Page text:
The crucial point here is that the density of the chromosphere (where most of the Fraunhofer 'absorption' lines are formed) is much too low to be in thermal equilibrium. Atomic line emissions due to local thermal excitation by collisions can be neglected compared to the emission due to scattering of the photospheric radiation. As the chromosphere is nevertheless still optically thick within the lines, this results in the light being largely being scattered back into the photosphere at these frequencies, creating the 'absorption' lines in the process when viewing from the outside.

It also has been mentioned that the process at work here should be described as a separate absorption event followed by a spontaneous re-emission rather than a resonant scattering event (this is actually also implied in the link under the illustration above). Whilst this may seem like a subtle or even semantic issue, it is in fact quite important in some cases. The exact issue was actually already addressed 100 years ago in this paper and clearly suggested that the process that leads to the Fraunhofer lines should be considered as scattering (in the sense as described above) rather than an absorption/emission process. Whilst this paper used a classical approach, the same result is also obtained with Quantum Mechanics. This is derived in detail in §15 (Resonance Fluorescence) of the book 'The Quantum Theory of Radiation' by W. Heitler, which can be found on the Internet Archive. This proves that resonance scattering has to be described as a coherent one-quantum process. This means for instance that monochromatic radiation will again be scattered as monochromatic radiation and not with the natural line width of the transition (which one would see with a spontaneous emission).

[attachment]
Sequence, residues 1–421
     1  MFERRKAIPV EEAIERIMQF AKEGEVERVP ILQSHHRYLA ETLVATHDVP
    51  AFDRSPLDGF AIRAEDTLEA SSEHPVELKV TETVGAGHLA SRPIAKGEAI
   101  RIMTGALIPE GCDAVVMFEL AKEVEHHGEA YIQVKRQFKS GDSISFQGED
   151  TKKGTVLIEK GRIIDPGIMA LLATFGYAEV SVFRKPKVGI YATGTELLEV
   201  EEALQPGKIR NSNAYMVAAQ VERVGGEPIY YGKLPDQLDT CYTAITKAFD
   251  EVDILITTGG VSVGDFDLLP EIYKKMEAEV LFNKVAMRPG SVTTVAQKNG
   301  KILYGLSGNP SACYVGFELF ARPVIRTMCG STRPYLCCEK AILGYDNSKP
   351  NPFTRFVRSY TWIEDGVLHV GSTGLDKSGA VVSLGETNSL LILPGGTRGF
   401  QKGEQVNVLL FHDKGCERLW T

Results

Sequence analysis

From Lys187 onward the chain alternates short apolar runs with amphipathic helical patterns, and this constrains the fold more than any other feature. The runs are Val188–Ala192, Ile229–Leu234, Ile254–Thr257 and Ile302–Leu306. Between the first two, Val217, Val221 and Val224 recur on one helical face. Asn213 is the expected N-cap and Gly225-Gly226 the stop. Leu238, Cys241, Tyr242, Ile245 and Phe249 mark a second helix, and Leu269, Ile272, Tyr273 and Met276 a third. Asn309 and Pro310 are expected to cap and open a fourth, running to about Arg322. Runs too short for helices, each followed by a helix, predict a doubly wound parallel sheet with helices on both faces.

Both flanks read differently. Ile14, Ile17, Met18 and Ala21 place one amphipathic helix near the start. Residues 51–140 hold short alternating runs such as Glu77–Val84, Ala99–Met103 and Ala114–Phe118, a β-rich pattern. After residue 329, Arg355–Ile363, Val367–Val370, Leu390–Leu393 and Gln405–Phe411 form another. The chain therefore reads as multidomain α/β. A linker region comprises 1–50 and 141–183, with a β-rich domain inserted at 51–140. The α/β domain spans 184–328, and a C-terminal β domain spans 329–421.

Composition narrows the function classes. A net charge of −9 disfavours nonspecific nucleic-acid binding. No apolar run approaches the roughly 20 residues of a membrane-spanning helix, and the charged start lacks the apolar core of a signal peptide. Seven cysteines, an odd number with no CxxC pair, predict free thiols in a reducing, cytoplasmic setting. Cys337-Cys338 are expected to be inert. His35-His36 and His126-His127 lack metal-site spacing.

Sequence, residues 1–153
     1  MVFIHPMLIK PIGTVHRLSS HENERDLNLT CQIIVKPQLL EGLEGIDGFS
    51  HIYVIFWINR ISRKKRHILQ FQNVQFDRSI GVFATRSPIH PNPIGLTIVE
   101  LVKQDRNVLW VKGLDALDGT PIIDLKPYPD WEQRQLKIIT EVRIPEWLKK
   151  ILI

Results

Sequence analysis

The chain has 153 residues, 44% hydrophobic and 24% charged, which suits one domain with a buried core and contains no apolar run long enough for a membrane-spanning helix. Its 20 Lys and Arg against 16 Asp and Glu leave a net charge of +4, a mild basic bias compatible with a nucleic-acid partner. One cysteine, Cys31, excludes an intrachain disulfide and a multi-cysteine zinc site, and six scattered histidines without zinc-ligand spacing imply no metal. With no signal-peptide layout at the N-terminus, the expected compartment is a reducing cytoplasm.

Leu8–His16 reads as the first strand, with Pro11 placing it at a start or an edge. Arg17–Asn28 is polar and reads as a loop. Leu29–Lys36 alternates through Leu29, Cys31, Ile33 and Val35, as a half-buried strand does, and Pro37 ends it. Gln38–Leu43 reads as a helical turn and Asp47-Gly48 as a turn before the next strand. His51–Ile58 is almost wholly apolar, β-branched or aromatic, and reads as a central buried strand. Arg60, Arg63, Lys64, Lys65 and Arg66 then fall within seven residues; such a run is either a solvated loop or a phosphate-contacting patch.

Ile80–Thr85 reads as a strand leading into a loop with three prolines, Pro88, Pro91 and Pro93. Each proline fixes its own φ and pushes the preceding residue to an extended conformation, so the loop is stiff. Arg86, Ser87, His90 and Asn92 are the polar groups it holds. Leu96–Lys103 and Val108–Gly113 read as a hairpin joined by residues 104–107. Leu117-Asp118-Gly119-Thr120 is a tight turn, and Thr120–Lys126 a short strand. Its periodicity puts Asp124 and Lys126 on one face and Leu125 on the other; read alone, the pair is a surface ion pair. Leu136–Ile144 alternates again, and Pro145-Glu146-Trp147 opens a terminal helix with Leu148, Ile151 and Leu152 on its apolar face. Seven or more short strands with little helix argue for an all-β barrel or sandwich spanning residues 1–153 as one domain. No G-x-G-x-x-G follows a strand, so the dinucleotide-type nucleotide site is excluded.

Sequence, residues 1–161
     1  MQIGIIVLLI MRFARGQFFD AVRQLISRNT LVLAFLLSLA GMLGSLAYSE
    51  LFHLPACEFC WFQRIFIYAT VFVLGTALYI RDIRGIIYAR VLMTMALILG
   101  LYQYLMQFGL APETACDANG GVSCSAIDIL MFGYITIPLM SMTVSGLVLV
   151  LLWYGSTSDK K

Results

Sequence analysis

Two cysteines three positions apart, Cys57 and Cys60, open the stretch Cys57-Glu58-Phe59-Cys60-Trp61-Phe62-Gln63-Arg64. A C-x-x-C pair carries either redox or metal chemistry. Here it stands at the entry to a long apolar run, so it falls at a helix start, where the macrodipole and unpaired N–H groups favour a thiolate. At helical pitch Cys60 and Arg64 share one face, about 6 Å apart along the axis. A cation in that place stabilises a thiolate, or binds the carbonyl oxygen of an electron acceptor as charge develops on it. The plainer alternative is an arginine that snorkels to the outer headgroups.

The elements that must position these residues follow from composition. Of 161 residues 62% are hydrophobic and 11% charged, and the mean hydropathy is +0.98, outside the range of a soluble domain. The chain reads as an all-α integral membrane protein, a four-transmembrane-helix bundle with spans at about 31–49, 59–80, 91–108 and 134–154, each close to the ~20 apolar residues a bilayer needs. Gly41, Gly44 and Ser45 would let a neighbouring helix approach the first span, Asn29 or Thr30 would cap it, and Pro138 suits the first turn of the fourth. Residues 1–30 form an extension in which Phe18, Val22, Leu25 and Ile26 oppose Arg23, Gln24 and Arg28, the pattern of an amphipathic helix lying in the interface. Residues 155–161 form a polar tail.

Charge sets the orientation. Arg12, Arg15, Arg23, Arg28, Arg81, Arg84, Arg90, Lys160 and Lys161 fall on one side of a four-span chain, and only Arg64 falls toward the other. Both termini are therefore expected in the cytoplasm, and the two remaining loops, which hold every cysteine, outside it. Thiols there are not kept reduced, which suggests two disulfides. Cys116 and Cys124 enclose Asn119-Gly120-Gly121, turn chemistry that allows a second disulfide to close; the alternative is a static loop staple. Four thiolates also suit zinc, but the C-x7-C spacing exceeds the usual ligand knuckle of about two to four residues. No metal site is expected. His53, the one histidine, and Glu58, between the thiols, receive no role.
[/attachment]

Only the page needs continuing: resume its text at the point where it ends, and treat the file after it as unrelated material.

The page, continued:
This is in fact frequently applied in works regarding radiative transfer in spectral lines (in particular as far as stellar atmospheres are concerned) by incorporating 'partial frequency redistribution' functions that take the coherent nature of the scattering process into account. It is found that this can be crucial in some cases. This paper for instance shows that the observed polarization in the wings of strong Fraunhofer lines can only be explained with the coherent scattering model, with the incoherent 'spontaenous decay' model resulting in zero polarization in the line wings, in contradiction to observations.

• I would have wrote "Absorption has a very large cross.." because Absorption/re-emission is certainly a resonance scattering process but the term can confuse new comers, absorption and emission are enough. This said, plus 1. Mar 22, 2021 at 12:59
• Resonance scattering is physically a completely different process compared to absorption/re-emission. The latter requires photoionization and subsequent recombination, whereas resonance scattering happens with the bound atomic electrons. Unlike absorption/re-emission it is a phase coherent process and scatters according to the Rayleigh-(Dipole) scattering phase function rather than isotropically. Anyway, I added now an illustration to describe qualitatively what is going on here. Mar 24, 2021 at 21:13